With the showmanship of a Broadway musical, 11 diocesan priests brought “Paring, Pinoy and Friends: Three Shows for Thanksgiving, Togetherness and Inspiration” to life the evening of Nov. 11 before a full house at St. Vincent de Paul Parish in Wildwood.
“Ahmen 2,” as it is affectionately called, comes six years after “Ahmen 1,” when the priestly singing sensation debuted in the diocese.
The concert name translates to “Priest, Filipino and Friends” in Tagalog, the language of the Philippines, and it perfectly describes the dynamic group that sang and danced their way through two hours of entertainment. The songs ranged from the Beatles to John Legend, from the patriotic to romantic ballads in English, Cebuano and Tagalog. Father Bernard Fernando, who is retired, also performed as a stand-up comedian, and Father Juanito Figura, head of the Filipino Ministry in the Diocese of Orlando and parochial vicar at Holy Cross Parish in Orlando, led as master of ceremonies.
This was the third show this year for the Filipino priests of the diocese, who sought to raise money for the Filipino Ministry and to strengthen camaraderie among Filipino priests serving the region. The priests also wanted to thank the Filipino communities and friends in the diocese for their support, especially for their hosting of the second National Assembly of Filipino Priests in the United States in 2014.
“One of our goals was also to encourage vocations through the music, the message of the songs, and to show them that we are also human beings,” said Father Ramon Bolatete of St. Joseph Parish in Lakeland. “We have talents and we have something to offer to the world. And in fact, through the priesthood, we grow more in our vocation and in our knowledge and love of God.”
Father Bolatete served as the troupe’s music director and helped compile the playlist with Father Roy Eco of Blessed Sacrament Parish in Clermont. Father Eco, the appointed production designer, also suggested costume changes and set ideas. They brought in the laity to help with ticket sales, local talent, promotion and execution of set design. Father Bolatete explained the idea came to the group because, “music is an important fiber in the Filipino culture.”
“We are able to sing harmonies together and practice those beautifully, so we were encourage by a few people to hold a concert,” he said. “People said that we’ve got the groove,” Father Eco chuckled. He quoted one of his parishioners who said, “They’re not only good preachers, but they are great singers.”
Laura Jane of St. Joseph Parish in Winter Haven handled choreography. “She guides and inspires us and handles the whole look, even the stage makeup,” Father Bolatete said.
Some of the clergy attended seminary where they had “chant” classes. Father Bolatete also explained that seminaries in the Philippines often use seminarian concerts as fundraisers. “Filipinos love to sing,” he said. “So we were exposed to the stage.” It was natural progression and the response from the community was, “Take it on the road.”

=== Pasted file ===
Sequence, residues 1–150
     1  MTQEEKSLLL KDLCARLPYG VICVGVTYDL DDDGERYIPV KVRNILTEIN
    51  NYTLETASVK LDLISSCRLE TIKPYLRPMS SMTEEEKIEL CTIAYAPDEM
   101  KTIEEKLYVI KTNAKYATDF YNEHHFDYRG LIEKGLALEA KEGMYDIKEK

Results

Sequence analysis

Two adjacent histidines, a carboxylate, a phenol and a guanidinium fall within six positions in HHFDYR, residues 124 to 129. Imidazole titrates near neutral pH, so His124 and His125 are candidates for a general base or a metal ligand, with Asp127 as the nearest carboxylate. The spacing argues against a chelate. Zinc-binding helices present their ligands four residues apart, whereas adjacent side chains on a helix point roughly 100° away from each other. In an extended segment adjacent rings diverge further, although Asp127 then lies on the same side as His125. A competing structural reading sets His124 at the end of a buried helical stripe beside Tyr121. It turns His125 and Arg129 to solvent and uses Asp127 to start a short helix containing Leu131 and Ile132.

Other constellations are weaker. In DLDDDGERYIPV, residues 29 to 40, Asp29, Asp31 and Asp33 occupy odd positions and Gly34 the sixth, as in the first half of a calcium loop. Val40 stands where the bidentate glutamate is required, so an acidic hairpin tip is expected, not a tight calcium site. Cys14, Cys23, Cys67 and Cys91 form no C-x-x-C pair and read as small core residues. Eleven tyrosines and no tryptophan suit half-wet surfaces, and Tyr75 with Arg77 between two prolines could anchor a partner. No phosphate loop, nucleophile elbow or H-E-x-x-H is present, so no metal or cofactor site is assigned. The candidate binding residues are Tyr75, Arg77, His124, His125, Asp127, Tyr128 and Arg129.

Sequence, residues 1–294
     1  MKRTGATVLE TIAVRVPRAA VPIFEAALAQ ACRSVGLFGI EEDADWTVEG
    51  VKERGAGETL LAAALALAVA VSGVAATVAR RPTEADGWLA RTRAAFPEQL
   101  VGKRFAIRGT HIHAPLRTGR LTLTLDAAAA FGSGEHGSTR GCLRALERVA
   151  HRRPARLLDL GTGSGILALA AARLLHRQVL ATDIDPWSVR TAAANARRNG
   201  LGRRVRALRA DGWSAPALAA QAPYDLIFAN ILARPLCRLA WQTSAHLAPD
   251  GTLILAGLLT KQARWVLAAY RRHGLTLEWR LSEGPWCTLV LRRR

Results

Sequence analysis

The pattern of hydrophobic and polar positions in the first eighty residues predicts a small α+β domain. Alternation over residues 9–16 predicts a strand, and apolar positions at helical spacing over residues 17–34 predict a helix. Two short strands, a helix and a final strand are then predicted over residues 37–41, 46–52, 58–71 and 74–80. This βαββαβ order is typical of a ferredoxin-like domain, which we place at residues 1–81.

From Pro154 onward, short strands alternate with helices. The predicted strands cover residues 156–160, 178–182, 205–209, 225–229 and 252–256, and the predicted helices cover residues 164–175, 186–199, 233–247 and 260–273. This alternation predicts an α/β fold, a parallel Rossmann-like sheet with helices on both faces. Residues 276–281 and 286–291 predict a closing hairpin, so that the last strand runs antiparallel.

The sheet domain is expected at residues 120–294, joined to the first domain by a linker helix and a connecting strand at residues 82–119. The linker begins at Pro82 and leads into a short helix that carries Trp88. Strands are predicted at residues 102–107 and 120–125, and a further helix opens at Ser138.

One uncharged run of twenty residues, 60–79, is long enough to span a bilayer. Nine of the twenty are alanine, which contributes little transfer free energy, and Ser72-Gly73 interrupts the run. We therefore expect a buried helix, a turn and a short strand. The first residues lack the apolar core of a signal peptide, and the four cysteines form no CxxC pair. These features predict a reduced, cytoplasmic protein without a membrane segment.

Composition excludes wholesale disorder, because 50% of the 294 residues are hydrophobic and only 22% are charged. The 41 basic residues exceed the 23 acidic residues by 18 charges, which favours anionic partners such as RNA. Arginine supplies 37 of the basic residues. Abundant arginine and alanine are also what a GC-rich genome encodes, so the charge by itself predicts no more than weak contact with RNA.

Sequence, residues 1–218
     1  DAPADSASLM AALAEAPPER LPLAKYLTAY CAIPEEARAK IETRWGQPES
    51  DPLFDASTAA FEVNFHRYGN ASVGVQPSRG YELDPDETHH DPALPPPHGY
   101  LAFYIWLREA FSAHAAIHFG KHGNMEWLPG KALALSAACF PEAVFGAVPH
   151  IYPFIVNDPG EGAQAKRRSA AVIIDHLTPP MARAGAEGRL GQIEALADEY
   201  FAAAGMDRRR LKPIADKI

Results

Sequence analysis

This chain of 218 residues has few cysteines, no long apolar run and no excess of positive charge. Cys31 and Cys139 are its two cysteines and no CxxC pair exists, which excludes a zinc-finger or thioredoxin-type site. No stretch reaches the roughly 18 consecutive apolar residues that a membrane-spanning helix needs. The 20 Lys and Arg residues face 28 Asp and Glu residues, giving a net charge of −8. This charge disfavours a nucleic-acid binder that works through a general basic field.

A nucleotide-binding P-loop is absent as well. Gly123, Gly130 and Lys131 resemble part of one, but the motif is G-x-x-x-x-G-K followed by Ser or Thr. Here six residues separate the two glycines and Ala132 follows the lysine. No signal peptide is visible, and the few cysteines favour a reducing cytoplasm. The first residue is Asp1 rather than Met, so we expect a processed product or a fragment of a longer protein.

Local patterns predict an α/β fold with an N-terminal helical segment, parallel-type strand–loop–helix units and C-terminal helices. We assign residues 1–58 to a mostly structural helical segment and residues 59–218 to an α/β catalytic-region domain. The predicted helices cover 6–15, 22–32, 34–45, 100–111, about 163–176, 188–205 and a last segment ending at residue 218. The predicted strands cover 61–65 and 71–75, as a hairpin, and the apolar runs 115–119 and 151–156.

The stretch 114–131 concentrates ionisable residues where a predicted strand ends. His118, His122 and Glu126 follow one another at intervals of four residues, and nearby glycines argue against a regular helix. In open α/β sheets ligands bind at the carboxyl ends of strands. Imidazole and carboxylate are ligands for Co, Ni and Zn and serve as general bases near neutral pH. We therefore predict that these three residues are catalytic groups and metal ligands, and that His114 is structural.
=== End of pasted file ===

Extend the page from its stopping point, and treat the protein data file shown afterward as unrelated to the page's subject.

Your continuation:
The show required a yearlong commitment on the part of the clergy who started with monthly rehearsals, then twice a week for the past three months.
Some would even like to see the priests perform yearly. The group is giving some thought to making it a ministry, “so as to build up the Filipino community as well as the whole Church in the Diocese of Orlando,” Father Bolatete said.
A Tribute to My Brother Priests
by Bishop Elect, Joseph E. Strickland
A Catholic priest is a man of God but shares all the hopes, fears, dreams, concerns and daily challenges of every other man.
He often finds himself alone but at any moment he may be called into the most significant moments of another persons life. The door bell rings, a cell phone buzzes, there’s a knock on the door or the office phone clangs and in a moment he goes from alone and quiet to “ministry mode” congratulating on a new birth, consoling in the midst of crisis, accepting an invitation to dinner, offering comfort at the news of a death, trying to calm a complaining parishioner or simply accepting the latest blurb that MUST be included in the next bulletin.
He often finds himself surrounded by a crowd of people but at any moment transported to a deep and quiet place where he encounters the Lord alone. Often this occurs at mass when the words from a hymn, a glimpse of a familiar face, as favorite phrase from scripture or an oft repeated line from the ritual of the mass cause him to pause and be reminded of the deep purpose of his life.
In between these moments the priest finds himself going about the business of life with all his brothers and sisters. The myriad of normal daily life images that every man encounters from the sublime thoughts of the mysteries of God encountered on a marble altar to the realization that he really does need to see what that “check engine” light on the dashboard of his car is all about.
When priests fail those they are called to serve, when they stumble in their own sinfulness or when their patience wears thin……….remember they are just men.
Men called by the Lord to do great things in the name of Jesus Christ God’s own son.
Pray for your priest as they pray for you.